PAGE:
With Arsenal hosting Liverpool in a crunch Premier League clash on Sunday, Mikel Arteta will be looking for areas to best the outgoing Jürgen Klopp in their final meeting. Could it be, much like the title race, up in the air?
When Arsenal face Liverpool at the Emirates Stadium on Sunday, anything could happen.
With both embroiled in a fascinating Premier League title race alongside Manchester City, Tottenham and (possibly) Aston Villa, victory for either could be a huge boon to their hopes of lifting the famous crown-topped trophy come the season’s end.
Sunday’s game is a very tough one to call, though. The Opta supercomputer has even struggled to separate them, giving both an equal 35.9% chance of victory.
When they met in the FA Cup third round just four weeks ago it was Jürgen Klopp’s men who ran out 2-0 victors, but plenty felt Arsenal had been somewhat unlucky having had the better of the chances, particularly in the first half.
Minor details could very well make the difference again, and one area the hosts will feel they have superiority is in the air. Especially in the Liverpool penalty area.
Arsenal have scored 11 headed goals in the Premier League this season, two more than any other team (Nottingham Forest and Luton Town – both nine).
Of those, Gabriel Magalhães has scored three, one of which came against Liverpool in the reverse fixture in December (also two vs Crystal Palace). Other Arsenal players to find the net in the league via their head this season are Gabriel Jesus (two – one vs Luton, one vs Brighton), Bukayo Saka (vs Bournemouth), Ben White (vs Bournemouth), William Saliba (vs Burnley), Leandro Trossard (vs Burnley), Kai Havertz (vs Brentford) and Declan Rice (vs Luton).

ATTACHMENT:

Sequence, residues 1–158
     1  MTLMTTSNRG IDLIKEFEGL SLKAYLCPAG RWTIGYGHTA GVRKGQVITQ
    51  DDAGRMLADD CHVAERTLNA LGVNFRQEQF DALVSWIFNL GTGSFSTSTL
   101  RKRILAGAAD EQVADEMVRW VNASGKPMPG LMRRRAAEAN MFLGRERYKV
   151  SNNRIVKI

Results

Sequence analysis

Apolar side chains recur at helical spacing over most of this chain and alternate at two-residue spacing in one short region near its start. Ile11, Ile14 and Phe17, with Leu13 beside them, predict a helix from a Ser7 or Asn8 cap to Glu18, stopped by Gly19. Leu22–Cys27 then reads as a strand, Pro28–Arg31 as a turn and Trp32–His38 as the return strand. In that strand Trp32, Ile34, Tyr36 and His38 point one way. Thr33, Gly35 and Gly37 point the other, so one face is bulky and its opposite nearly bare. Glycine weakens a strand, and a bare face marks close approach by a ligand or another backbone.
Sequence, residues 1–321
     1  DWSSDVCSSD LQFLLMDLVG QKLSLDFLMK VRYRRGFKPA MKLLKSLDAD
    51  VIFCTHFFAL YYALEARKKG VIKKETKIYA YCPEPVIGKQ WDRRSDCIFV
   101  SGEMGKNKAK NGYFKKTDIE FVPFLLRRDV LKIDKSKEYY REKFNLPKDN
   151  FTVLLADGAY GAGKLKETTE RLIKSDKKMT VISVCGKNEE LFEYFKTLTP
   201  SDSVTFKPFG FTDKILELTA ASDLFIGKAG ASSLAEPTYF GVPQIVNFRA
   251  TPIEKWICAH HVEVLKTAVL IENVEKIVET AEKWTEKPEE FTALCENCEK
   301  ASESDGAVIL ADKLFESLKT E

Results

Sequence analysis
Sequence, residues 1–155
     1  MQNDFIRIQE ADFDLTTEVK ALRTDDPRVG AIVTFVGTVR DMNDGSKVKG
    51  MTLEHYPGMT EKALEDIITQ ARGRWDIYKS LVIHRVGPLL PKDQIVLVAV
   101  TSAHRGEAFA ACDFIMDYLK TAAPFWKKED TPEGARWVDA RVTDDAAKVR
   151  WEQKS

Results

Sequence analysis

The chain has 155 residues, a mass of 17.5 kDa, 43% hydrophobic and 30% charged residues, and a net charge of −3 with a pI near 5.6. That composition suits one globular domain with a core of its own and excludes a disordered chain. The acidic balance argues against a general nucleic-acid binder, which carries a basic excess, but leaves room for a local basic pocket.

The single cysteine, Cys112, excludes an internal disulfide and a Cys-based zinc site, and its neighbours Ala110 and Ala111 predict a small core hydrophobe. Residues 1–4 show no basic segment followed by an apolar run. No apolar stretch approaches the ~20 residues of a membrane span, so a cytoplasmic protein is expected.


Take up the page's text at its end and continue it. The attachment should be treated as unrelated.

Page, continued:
No team has been as ruthless with their headed chances on target as Arsenal, with 11 of their 18 finding the net (61.1%). Forest (9 of 18), Spurs (7 of 14) and Villa (5 of 10) all average 50% of their headed shots on target going in.
Four of Arsenal’s headed goals have been from corners, which is hardly surprising considering where the majority of them end up. Due to their preference for inswingers – 144 out of their 145 crossed corners in the Premier League this season have been swung in – if an Arsenal player makes the first contact from an attacking corner, they will likely have a good chance of scoring as they’ll be fairly close to goal.
You can see from the aerial duel map below how many of their headers in the opposition box are close to goal, not just from corners but also from set-pieces and open-play crosses.
Compare that to Liverpool, who are generally better in the air than Arsenal – winning 57.2% of aerial duels across the pitch compared to Arteta’s men winning 48.8% – but when they contest balls in the opposition’s area, they mostly do so further away from goal. Not all of these will be from corners, but for comparison, just 48 of Liverpool’s 134 crossed corners in the league have been inswingers (85 outswingers). They have scored four goals from corners in the Premier League in 2023-24, but none have been headers.
Liverpool overpowered Chelsea on Wednesday night in a performance that will have made anyone doubting their title credentials sit up and take notice. When Dominik Szoboszlai put them 3-0 up as he headed home a cross from the sublime Conor Bradley, it was a significant moment. Not just because it somewhat cemented the outcome of the game, but it also doubled Liverpool’s headed goal tally in the Premier League for the season.
Remarkably, it was just their second goal via a header in their 22 league games in 2023-24, after Mohamed Salah scored against Brentford in November.